Gemcitabine-based chemotherapy is a commonly used first-line treatment for patients with pancreatic and biliary tract cancer. However, a standard second-line chemotherapy regimen has yet to be developed after gemcitabine treatment. We attempted to evaluate the efficacy and safety of a combination of continuous 5-fluorouracil, doxorubicin, and mitomycin-C (conti-FAM) as a second-line treatment in pancreatic and biliary tract cancer.
Patients with advanced pancreatic or biliary tract cancer who were previously treated with gemcitabine-based chemotherapy were enrolled in the study. Chemotherapy was administered as follows: 5-fluorouracil, 800 mg/m2 on days 1 to 5 over 10 hours; mitomycin-C, 8 mg/m2 on day 1; and doxorubicin, 30 mg/m2 on day 1 every 4 weeks.
A total of 31 patients received 95 cycles of chemotherapy. Fifteen of the patients had pancreatic cancer. Eleven of the patients had cholangiocarcinoma. Gallbladder cancer was observed in 5 patients. Four (12.9%) patients evidenced partial responses. Eight patients (25.8%) had stable disease. The median time to progression and overall survival time were 2.3 (95% CI: 1.0–3.6) months and 6.7 (95% CI: 4.4–9.0) months, respectively. Major hematologic toxicities included grade 1 to 2 anemia (64.2%), neutropenia (32.6%), thrombocytopenia (20%), and grade 3 to 4 neutropenia (10.5%). The most frequently detected nonhematological toxicities were grade 2 and 3 nausea/vomiting (35.5%). One patient was diagnosed with hemolytic uremic syndrome after 8 cycles of treatment.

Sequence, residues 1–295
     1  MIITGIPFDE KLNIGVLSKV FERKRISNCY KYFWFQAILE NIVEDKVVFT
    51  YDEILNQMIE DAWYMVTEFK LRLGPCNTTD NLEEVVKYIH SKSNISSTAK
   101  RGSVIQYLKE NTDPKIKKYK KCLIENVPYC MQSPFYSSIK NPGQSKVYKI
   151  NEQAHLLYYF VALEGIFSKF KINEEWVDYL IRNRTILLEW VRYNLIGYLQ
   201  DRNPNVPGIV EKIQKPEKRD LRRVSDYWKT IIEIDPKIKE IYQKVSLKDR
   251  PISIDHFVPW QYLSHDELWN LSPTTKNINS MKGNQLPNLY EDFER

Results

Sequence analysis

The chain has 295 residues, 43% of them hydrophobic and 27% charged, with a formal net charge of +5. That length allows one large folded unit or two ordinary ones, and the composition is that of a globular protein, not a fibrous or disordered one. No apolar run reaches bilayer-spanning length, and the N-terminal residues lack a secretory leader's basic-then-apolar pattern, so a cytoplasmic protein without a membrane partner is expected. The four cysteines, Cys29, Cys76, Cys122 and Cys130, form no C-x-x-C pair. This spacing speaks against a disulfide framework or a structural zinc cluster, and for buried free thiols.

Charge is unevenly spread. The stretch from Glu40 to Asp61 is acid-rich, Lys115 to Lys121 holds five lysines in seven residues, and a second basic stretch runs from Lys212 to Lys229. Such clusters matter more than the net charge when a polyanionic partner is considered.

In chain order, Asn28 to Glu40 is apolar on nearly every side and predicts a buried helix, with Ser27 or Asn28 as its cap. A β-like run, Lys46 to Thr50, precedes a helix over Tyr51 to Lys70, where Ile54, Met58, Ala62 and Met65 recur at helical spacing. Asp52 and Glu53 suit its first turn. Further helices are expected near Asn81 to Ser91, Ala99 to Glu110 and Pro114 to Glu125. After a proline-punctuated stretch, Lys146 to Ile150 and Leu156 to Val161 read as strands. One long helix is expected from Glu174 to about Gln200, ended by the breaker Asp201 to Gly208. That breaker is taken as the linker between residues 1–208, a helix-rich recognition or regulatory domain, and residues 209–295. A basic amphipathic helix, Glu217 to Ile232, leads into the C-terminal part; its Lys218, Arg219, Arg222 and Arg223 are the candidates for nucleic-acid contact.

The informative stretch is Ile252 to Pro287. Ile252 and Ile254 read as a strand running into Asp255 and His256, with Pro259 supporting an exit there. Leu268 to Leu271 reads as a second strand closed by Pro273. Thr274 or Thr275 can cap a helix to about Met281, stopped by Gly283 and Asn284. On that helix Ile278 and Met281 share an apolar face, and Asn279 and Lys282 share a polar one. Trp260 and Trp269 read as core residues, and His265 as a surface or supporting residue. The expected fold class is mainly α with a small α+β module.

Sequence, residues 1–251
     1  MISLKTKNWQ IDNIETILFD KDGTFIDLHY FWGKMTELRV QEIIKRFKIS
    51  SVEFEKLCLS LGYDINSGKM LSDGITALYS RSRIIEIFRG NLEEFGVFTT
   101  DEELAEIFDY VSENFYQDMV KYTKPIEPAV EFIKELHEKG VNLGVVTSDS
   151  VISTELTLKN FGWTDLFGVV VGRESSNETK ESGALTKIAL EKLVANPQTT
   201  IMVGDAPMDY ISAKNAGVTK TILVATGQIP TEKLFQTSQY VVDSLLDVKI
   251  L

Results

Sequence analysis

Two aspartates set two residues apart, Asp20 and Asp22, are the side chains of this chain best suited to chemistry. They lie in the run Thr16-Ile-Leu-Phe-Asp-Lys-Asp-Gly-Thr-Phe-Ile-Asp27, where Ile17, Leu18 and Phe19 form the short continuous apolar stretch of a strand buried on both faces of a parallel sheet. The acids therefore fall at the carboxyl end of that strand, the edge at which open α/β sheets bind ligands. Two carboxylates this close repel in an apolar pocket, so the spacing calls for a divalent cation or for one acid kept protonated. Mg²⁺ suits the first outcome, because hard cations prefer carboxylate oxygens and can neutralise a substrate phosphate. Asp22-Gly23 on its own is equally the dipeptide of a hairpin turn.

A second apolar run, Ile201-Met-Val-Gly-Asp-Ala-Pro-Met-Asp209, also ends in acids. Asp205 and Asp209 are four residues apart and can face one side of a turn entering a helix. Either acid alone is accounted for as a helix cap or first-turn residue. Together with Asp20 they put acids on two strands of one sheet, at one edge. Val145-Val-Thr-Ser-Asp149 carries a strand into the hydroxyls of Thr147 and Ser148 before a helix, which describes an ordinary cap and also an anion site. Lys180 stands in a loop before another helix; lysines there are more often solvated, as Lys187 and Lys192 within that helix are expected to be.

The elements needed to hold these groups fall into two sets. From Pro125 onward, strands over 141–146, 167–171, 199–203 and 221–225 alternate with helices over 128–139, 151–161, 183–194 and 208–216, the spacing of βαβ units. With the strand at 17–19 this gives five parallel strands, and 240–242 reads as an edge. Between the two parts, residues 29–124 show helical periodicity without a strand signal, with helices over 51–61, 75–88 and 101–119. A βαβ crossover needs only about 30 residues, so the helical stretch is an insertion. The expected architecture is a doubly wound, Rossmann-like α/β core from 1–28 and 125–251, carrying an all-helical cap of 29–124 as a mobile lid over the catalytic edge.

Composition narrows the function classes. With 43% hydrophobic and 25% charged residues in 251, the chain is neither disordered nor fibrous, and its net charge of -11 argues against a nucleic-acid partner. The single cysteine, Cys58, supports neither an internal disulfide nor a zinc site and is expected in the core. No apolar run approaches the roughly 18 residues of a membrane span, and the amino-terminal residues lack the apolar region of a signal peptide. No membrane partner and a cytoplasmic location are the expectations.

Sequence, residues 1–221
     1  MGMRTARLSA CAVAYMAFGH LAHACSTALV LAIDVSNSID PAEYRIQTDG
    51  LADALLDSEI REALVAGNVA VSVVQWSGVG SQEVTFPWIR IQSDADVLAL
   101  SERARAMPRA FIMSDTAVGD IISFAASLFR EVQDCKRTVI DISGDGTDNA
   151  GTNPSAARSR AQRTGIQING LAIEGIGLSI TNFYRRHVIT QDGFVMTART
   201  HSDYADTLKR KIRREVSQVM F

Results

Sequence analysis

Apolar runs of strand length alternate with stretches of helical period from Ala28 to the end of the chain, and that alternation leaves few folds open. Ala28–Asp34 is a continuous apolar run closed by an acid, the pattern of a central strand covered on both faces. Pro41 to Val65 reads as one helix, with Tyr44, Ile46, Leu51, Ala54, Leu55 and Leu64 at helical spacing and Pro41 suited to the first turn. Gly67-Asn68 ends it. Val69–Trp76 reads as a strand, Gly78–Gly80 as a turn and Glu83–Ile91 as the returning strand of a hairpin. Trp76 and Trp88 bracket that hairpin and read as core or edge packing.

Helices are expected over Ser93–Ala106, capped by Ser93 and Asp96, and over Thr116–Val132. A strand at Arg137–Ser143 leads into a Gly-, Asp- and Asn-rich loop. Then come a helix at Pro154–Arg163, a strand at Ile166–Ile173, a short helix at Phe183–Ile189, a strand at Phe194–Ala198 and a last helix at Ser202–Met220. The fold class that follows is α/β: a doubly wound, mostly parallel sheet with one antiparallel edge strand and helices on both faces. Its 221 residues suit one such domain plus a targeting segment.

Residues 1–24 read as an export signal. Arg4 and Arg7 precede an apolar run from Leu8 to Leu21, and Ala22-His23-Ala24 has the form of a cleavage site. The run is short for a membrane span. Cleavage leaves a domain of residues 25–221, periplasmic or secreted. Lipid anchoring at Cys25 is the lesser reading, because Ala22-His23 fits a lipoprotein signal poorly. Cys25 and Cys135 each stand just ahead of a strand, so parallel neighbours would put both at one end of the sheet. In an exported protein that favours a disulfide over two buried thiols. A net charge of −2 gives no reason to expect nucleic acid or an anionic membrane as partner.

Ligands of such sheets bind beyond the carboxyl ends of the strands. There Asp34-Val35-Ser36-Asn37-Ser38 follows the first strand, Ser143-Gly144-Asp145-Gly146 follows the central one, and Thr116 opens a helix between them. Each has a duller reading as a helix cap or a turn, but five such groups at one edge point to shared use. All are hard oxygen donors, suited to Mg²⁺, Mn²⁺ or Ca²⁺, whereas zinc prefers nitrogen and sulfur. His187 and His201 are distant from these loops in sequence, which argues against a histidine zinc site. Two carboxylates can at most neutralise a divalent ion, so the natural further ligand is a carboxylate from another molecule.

The conti-FAM regimen seems to constitute a safe and feasible salvage therapy in patients with advanced bilio-pancreatic cancer who had been treated previously via gemcitabine-based chemotherapy.